Douglas said Reuters is “a tremendously powerful part of” the Thomson Reuters brand, and that “the mighty Reuters newsroom behind you and all the really specialized business assets is a great combination.”

He added that convincing consumers to pay for content is challenging because “Reuters is a brand that a lot of people recognize but don’t intuitively go to.” But he is more optimistic that targeting professionals could succeed for Reuters. “All the evidence says to me that these are the subscription models that really work."

Joseph said "It's at the intersection of several hot trends - audio, live and social, and it's recreating some of the things we can't do normally because of the coronavirus pandemic restrictions, such as attending a talk or having a group conversation."

He added "A few years ago Facebook would probably have already put an offer on the table [for Clubhouse], but it's not in the market for another social network because of the competition scrutiny that it's under, so Facebook's only option is to compete with it."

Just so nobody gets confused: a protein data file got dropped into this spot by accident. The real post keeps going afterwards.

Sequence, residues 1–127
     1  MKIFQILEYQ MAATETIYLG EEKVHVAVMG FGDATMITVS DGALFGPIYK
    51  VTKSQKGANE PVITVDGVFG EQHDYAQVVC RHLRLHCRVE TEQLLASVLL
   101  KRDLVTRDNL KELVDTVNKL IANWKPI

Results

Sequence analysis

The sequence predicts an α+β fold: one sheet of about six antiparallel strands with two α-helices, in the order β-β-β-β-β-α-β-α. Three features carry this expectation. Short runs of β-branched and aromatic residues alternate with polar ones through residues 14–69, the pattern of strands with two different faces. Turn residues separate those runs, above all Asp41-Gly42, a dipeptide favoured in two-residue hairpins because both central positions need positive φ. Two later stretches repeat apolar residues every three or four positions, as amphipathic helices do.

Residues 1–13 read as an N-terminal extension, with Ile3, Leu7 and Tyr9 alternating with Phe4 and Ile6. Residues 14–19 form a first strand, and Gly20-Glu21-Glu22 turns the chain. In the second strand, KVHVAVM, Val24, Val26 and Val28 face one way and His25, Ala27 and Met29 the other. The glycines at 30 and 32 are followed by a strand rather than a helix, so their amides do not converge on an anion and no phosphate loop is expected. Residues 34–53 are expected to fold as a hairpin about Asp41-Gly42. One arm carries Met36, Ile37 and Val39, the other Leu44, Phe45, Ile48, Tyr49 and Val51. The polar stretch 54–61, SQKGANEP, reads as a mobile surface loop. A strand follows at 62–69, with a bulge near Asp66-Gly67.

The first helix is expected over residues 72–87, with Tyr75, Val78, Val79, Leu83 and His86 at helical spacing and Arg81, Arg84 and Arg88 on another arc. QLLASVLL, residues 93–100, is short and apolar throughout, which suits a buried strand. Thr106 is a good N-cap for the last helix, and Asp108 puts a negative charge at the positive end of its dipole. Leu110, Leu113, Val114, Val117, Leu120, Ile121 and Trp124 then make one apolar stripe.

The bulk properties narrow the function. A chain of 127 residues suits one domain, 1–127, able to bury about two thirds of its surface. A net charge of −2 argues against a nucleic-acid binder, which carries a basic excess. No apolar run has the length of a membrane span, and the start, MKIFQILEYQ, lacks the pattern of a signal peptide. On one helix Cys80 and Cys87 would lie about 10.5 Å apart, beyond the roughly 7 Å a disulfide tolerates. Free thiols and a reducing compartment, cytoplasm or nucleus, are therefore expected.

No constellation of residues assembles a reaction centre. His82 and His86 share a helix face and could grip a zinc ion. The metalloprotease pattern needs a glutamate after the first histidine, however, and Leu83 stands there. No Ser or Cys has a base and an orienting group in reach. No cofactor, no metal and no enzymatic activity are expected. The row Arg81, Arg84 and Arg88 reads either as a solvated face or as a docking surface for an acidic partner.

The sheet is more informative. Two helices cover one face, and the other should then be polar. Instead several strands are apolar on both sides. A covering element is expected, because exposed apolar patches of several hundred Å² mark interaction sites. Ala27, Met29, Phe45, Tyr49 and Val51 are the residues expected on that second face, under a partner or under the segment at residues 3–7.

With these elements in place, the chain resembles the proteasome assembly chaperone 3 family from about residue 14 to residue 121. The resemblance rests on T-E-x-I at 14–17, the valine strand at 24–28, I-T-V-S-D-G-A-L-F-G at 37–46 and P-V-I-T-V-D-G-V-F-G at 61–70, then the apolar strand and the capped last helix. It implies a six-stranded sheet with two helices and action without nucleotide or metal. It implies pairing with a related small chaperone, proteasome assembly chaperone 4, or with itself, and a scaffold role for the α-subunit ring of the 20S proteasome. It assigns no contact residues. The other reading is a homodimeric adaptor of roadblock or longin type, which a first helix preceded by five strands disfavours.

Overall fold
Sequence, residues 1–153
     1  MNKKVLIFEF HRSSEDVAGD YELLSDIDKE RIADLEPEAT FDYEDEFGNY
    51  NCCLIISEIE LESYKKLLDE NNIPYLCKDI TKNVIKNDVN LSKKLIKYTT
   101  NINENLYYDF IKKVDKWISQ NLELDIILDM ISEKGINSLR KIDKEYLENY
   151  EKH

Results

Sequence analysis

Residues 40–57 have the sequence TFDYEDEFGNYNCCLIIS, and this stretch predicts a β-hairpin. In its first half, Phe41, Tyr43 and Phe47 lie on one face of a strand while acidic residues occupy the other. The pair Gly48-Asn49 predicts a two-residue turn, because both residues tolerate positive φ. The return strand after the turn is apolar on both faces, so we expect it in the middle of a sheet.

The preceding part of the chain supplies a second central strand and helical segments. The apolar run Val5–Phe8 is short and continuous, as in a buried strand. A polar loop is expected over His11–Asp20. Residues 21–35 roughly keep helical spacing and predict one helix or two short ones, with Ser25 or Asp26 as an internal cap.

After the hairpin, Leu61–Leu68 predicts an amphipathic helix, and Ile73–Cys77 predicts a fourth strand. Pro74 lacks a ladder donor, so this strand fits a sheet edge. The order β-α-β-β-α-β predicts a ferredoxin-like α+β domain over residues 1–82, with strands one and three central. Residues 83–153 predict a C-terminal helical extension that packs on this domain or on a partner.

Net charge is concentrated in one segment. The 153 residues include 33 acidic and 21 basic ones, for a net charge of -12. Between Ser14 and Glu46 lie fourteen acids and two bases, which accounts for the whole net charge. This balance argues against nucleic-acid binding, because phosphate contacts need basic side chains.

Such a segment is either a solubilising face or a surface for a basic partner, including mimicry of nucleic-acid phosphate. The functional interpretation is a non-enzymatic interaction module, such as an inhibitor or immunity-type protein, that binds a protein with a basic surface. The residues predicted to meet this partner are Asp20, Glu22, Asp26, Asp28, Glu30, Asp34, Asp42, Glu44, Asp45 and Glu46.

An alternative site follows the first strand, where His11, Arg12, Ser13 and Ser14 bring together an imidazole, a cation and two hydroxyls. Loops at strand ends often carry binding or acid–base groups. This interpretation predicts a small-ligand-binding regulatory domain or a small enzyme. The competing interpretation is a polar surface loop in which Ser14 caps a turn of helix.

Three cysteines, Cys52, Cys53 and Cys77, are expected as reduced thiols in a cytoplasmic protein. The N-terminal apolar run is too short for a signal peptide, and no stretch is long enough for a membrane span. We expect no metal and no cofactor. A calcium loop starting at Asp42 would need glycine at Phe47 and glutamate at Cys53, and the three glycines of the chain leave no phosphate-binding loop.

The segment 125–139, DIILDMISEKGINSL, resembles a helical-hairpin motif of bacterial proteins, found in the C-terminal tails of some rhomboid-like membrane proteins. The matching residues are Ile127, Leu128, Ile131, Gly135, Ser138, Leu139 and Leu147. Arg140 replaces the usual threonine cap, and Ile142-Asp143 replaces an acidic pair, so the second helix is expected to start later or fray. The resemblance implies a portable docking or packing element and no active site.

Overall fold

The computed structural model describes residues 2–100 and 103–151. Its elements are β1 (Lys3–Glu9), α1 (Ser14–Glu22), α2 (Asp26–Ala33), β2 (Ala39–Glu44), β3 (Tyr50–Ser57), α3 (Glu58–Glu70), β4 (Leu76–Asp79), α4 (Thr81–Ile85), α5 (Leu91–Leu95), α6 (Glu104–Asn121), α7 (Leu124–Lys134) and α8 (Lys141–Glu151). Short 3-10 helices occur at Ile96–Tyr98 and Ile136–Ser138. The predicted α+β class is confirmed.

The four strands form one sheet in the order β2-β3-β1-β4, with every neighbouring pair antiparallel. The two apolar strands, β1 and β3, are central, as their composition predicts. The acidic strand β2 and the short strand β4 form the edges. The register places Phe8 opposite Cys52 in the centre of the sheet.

Tom said  shows have performed “comparatively poorly to local programmes” made by the broadcaster. “It will be a short-lived agreement with FX programming destined for Star on Disney+ in the UK. So the volume [of American shows] will decline even though the BBC is clearly on the lookout for cheap new programming to help its content budget squeeze/plug holes due to the Covid production shutdown.”

Gill believes the £1.5bn target is bold, but added: “While it is notoriously difficult to make money out of kids programming, if the BBC happens to devise the next Peppa Pig, the return from merchandise could be huge."

She added “The BBC has a very strong brand globally, and if it could commercialise its audio output and/or news via a subscription service outside the UK there is potentially a large market. You could see people paying a few pounds a month to have access to Radio 4, for example, via BBC Sounds.”